Zero trust better able to adapt to new attack methods

When it comes to adapting to new attack methods, the most common approach is to go to zero trust, says Crowe's Salihoglu. "It's everyone's favorite buzzword," he says. "Just slap zero trust on it and it will solve everything."

It's a great idea in theory but hard to achieve in practice, Salihoglu says. Still, moving to a zero-trust philosophy helps enterprises leave behind the classic castle mentality that underlies the cyber kill chain.

In that mindset, once someone got through a company's perimeter, they had almost free reign of a company's networks. "You're basically a citizen and you can do anything you want," says Salihoglu. "There's a hard shell and a soft underbelly."

Zero trust helps shift this thinking, so that every application, every data source, is now its own castle. It is a clear defense against traditional cyber kill chain attacks. Zero trust makes it more difficult for attackers to gain an initial foothold, to move laterally in an organization, and to get into the company's crown jewels.  "I think it's a great way to build up your security," Salihoglu says.

Using the cyber kill chain to get inside the attacker's head

The traditional cyber kill chain shouldn't be thrown out completely, says Tom Gorup, vice president of security and support operations at cybersecurity vendor Alert Logic. It can be very useful when doing threat modeling.

Say, for example, a company has sensitive data in an S3 bucket. How will the attacker find out about it? How will they compromise it? How will they get the data out? "Understanding the kill chain helps you step through that process," he says. "You have to go back to threat modeling to understand where are the risks, where are the potential weaknesses, and use the kill chain as a scenario of how the attacker would step through it."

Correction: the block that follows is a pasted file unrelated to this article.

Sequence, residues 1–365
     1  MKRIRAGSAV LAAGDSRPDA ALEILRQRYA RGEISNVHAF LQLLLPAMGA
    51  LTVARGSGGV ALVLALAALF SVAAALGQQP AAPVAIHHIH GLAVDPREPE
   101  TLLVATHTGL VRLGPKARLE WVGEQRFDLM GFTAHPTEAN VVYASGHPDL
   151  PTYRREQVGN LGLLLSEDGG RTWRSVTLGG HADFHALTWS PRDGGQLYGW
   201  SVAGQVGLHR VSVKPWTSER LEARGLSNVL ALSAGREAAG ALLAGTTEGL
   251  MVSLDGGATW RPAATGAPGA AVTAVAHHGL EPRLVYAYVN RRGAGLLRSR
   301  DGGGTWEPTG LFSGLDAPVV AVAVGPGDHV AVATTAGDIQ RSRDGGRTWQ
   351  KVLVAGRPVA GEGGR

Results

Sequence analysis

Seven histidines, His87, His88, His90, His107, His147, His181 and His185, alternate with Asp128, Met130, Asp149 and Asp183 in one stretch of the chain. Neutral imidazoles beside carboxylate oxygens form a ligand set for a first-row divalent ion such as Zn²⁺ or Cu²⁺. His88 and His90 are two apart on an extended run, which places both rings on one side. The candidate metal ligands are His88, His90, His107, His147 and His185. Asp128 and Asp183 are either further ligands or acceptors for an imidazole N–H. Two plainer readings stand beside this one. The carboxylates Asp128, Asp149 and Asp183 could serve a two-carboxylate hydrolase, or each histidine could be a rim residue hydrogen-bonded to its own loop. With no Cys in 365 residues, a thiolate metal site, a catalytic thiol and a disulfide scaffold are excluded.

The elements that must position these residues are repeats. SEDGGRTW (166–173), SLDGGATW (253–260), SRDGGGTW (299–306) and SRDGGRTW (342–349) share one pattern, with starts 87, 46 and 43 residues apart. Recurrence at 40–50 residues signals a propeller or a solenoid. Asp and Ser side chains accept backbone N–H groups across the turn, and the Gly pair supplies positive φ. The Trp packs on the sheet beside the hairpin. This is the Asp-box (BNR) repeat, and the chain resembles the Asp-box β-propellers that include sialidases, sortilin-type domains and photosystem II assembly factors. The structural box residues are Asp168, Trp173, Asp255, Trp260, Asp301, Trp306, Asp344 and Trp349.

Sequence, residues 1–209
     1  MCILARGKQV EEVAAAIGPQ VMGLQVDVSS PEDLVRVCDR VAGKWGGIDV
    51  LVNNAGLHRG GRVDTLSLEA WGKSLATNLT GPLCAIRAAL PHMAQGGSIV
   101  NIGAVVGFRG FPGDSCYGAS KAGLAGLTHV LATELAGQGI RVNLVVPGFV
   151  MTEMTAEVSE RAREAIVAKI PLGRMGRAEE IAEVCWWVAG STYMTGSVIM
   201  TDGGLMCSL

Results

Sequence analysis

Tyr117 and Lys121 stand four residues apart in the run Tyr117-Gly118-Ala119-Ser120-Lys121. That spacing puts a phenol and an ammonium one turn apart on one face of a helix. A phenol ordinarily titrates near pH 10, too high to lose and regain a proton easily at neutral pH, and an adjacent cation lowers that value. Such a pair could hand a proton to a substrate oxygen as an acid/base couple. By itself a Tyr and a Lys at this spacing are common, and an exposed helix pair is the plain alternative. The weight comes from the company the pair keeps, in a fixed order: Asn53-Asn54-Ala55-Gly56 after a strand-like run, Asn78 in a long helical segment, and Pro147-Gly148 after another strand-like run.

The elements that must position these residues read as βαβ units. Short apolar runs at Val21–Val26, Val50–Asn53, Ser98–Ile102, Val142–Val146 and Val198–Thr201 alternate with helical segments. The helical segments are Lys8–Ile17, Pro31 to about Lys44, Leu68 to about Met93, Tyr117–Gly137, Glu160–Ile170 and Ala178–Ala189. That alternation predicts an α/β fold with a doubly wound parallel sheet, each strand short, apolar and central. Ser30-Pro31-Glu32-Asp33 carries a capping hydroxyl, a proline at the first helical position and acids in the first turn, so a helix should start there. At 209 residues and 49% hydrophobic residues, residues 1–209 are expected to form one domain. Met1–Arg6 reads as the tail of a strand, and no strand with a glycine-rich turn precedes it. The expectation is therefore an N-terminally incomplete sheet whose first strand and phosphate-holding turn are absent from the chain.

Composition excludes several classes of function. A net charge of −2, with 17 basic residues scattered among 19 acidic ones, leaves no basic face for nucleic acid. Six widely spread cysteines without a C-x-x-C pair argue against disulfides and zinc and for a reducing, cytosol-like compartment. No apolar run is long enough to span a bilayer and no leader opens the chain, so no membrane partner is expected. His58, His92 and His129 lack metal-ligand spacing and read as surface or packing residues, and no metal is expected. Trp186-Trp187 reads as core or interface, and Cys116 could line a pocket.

Then security measures can be imposed to make sure that attackers can't follow those steps. For example, if attackers can find the credentials they need by looking at the way an application is coded, then a solution could be to make sure that hard-coded credentials are never used in applications.

"A threat actor will still need to establish command and control as well as actions on objectives of moving laterally and exfiltrating," says Graham Myers, senior cybersecurity manager at Capgemini. It might feel like the cyber kill chain doesn't apply, especially when, say, much of the attack takes place with a third party. "But the chain is still the valid framework of analyzing these threats," he says.  Security teams need to expand their models to include the possibility that suppliers or source code have been compromised.

Copyright © 2022 IDG Communications, Inc.